DNA polymerase ζ limits chromosomal damage and promotes cell survival following aflatoxin exposure

Ying Chih Lin, Nichole Owen, Irina G. Minko, Sabine S. Lange, Liang Li, Michael P. Stone, Richard D. Wood, Amanda K. McCullough, R. Stephen Lloyd

Research output: Contribution to journalArticlepeer-review

20 Scopus citations


Routine dietary consumption of foods that contain aflatoxins is the second leading cause of environmental carcinogenesis worldwide. Aflatoxin-driven mutagenesis is initiated through metabolic activation of aflatoxin B1 (AFB1) to its epoxide form that reacts with N7 guanine in DNA. The resulting AFB1-N7-dG adduct undergoes either spontaneous depurination or imidazole-ring opening yielding formamidopyrimidine AFB1 (AFB1-Fapy-dG). Because this latter adduct is known to persist in human tissues and contributes to the high frequency G-to-T mutation signature associated with many hepatocellular carcinomas, we sought to establish the identity of the polymerase(s) involved in processing this lesion. Although our previous biochemical analyses demonstrated the ability of polymerase ζ (pol ζ) to incorporate an A opposite AFB1-Fapy-dG and extend from this mismatch, biological evidence supporting a unique role for this polymerase in cellular tolerance following aflatoxin exposure has not been established. Following challenge with AFB1, survival of mouse cells deficient in pol ζ (Rev3L-/-) was significantly reduced relative to Rev3L+/- cells or Rev3L-/- cells complemented through expression of the wild-type human REV3L. Furthermore, cell-cycle progression of Rev3L-/- mouse embryo fibroblasts was arrested in late S/G2 following AFB1 exposure. These Rev3L-/- cells showed an increase in replication-dependent formation of γ-H2AX foci, micronuclei, and chromosomal aberrations (chromatid breaks and radials) relative to Rev3L+/- cells. These data suggest that pol ζ is essential for processing AFB1-induced DNA adducts and that, in its absence, cells do not have an efficient backup polymerase or a repair/tolerance mechanism facilitating survival.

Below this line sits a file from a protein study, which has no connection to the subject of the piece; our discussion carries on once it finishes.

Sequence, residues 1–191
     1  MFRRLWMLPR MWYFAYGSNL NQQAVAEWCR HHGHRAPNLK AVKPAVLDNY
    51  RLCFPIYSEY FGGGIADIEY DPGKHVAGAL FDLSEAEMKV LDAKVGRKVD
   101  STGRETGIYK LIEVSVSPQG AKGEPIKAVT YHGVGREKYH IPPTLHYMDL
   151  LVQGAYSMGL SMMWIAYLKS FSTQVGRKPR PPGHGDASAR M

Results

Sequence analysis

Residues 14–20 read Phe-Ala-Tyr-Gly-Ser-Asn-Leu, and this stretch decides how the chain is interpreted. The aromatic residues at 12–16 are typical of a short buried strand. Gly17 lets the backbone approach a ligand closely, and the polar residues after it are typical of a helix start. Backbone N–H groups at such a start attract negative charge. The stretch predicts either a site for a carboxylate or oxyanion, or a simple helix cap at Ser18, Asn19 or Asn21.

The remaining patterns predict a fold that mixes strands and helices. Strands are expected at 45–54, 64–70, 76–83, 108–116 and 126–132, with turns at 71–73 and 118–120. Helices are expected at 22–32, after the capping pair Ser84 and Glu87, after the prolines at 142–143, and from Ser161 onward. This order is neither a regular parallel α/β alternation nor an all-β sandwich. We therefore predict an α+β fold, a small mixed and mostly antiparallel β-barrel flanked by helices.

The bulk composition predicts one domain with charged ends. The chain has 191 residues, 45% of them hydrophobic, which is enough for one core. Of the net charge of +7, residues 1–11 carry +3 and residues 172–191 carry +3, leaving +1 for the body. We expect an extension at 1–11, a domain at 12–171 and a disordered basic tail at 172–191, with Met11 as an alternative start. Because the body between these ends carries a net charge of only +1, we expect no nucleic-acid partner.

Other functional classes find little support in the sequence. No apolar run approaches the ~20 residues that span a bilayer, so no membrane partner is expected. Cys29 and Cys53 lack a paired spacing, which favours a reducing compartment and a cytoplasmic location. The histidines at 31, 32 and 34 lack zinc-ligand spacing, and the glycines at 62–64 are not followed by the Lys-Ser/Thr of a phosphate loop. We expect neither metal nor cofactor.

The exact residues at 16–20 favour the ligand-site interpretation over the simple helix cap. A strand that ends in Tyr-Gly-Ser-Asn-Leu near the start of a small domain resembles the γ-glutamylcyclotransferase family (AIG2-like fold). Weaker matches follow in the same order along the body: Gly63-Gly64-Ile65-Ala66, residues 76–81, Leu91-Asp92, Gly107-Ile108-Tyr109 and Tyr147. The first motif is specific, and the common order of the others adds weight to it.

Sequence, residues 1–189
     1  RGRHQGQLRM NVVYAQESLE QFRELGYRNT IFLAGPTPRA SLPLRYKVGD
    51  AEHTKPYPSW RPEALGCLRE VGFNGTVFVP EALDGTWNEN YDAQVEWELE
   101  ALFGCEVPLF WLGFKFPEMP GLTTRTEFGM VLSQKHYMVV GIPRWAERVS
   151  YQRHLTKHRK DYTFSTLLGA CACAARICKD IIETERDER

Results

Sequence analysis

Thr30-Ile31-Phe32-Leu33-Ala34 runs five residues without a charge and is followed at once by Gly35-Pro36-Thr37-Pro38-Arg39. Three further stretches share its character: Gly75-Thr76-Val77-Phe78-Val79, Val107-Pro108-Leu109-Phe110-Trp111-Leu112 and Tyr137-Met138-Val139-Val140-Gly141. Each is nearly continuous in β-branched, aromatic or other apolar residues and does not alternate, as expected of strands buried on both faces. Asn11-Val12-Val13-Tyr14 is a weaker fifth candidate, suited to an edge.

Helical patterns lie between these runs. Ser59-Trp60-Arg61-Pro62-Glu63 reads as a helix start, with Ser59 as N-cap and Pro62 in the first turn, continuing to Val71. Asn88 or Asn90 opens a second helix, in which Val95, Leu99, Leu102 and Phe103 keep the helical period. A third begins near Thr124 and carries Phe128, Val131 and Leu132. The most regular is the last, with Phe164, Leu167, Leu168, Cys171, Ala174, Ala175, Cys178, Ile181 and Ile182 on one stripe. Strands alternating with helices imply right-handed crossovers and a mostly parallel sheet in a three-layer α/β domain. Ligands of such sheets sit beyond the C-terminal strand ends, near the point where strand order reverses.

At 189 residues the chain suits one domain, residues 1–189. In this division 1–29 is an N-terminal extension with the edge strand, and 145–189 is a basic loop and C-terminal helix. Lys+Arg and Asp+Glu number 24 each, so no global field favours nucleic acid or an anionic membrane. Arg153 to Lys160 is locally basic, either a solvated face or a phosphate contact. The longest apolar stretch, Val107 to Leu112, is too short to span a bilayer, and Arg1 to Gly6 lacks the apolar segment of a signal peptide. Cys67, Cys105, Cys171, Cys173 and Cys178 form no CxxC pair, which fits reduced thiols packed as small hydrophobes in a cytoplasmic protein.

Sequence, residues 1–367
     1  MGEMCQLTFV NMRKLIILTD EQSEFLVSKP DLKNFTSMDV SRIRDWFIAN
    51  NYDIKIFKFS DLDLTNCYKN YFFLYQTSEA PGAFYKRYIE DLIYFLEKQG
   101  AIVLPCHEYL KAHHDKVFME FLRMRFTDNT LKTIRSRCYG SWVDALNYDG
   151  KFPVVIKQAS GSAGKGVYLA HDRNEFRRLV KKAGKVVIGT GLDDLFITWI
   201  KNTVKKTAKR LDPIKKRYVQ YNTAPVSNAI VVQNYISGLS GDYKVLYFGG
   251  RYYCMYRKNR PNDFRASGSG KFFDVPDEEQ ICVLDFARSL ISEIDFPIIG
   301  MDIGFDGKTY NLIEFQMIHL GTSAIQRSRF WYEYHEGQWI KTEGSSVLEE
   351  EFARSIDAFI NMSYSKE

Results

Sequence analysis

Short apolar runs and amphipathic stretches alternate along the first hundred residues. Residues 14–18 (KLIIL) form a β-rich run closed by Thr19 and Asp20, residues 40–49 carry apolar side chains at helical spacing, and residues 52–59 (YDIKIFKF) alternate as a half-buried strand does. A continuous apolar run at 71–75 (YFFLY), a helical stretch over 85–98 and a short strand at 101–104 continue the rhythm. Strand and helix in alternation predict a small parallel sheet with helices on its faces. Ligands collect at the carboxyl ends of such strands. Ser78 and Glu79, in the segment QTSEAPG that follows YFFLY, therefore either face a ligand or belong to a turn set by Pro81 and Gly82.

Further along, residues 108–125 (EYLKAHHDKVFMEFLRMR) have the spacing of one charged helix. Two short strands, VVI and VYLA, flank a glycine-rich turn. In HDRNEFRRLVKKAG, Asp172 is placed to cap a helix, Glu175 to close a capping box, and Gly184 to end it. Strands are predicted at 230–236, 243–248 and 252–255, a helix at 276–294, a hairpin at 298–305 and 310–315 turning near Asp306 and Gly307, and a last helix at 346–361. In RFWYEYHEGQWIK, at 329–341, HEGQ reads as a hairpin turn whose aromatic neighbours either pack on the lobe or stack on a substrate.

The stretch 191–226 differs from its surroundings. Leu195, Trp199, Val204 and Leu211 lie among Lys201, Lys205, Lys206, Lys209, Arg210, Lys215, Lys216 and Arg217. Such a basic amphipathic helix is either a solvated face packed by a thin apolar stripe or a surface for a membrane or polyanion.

Original languageEnglish (US)
Pages (from-to)13774-13779
Number of pages6
JournalProceedings of the National Academy of Sciences of the United States of America
Issue number48
StatePublished - Nov 29 2016


  • Aflatoxin
  • Environmental toxins
  • Hepatocellular carcinogenesis
  • Mutagenesis
  • Translesion DNA synthesis

ASJC Scopus subject areas

  • General


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